The Feast of Tabernacles Continued. Christ the Light of the World
John 7:53 to John 8:11. The woman taken in adultery. All modern critics agree that this section is no original part of the Fourth Gospel. It is not in the author's style; it breaks the sequence of our Lord's discourses, and is omitted by most of the ancient authorities. Probably it is an authentic apostolic tradition inserted here to illustrate the principle of John 8:15. Some MSS place it at the end of the Gospel. The incident probably took place in Holy Week, and is therefore appropriately inserted by some MSS after Luke 21:38.
3. In adultery] The woman was only betrothed, not married, otherwise her punishment would not have been stoning, but strangulation, for so the rabbis interpreted Leviticus 20:10; Deuteronomy 22:22. But inasmuch as among the Jews betrothal was almost equivalent to marriage (see on Matthew 1:18), the sin of a betrothed woman was regarded as a species of adultery.
6. Punishment of death for this offence was obsolescent, and some think that they wished to make Jesus unpopular with the people by inducing Him to advocate its revival. More probably they wished to embroil Him with the Roman authorities, who would not allow a death-sentence to be executed without their permission. The displeasure of Jesus was largely due to the officiousness of the accusers. It was not their business to accuse and judge the woman, but that of the husband and the judges. They had neither a legal nor a moral right to interfere. Wrote] Christ was always reluctant to interfere in civil disputes: see Matthew 22:21; Luke 12:13-15; John 18:36. Writing on the ground was a symbolical action well known in antiquity, signifying unwillingness to deal with the matter in hand.
7. Without sin] Christ read their hearts, and under His searching glance all felt themselves sinners, if not against the letter, yet against the spirit of the seventh commandment: cp. Matthew 5:28. They could not condemn her without condemning themselves. A stone] The principal witnesses cast the first stone (Deuteronomy 17:7; Acts 7:58).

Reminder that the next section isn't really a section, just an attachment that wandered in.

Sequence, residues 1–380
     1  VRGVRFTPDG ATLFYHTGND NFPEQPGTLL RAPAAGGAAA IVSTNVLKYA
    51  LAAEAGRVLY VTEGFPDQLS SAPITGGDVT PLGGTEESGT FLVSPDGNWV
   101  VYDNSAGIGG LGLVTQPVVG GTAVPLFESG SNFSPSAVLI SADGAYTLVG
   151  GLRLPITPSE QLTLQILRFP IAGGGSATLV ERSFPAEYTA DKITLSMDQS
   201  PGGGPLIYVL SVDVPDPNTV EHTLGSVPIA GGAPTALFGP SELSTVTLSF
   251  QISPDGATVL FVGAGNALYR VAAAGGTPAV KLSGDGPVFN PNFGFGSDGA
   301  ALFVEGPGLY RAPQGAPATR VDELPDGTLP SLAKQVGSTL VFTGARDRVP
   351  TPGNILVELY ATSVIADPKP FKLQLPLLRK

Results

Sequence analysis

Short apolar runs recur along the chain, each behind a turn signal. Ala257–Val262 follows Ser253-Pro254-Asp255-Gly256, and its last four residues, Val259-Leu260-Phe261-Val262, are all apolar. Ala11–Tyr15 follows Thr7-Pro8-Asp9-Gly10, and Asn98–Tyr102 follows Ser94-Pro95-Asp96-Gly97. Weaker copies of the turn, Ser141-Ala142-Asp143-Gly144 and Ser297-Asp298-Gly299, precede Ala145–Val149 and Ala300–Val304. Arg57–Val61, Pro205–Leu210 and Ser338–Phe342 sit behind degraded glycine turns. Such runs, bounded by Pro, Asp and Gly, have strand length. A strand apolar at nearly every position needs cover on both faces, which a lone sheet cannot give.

9. In the midst] viz. of the disciples who alone were left. Augustine says strikingly, 'the misera before the Misericordia.'
11. Neither do I condemn thee] i.e. to judicial punishment, such as your accusers demand. Our Lord's gentle dealing with the woman was due to His desire not to break the bruised reed. She had already suffered much, and (we may suppose) was bowed down under the burden of sin. He perceived that in her case a warning to sin no more would suffice: cp. Luke 7:36-50.
John 8:12 to John 10:21. The narrative of the Feast of Tabernacles (interrupted by the interpolated section John 7:52 to John 8:11) is resumed. The scene is the Temple (John 8:20), the time the last day of the feast (John 7:37).
12. The light of the world] The idea of the Messiah as 'the Light' was familiar to the Jews (see Luke 1:78-79; Luke 2:32), and was especially appropriate at the Feast of Tabernacles, during which (or perhaps on the first day only) the two colossal golden candlesticks in the Court of the Women were lighted. Christ as 'the Light of the world' dissipates the darkness of ignorance and sin. The light of life] i.e. My guidance which leads to life eternal.
13. See on John 8:17.
14. 'The law as to witnesses applies only to human witnesses. It does not apply to Me, who am more than man, seeing that I know that I came down from heaven, and shall return thither.'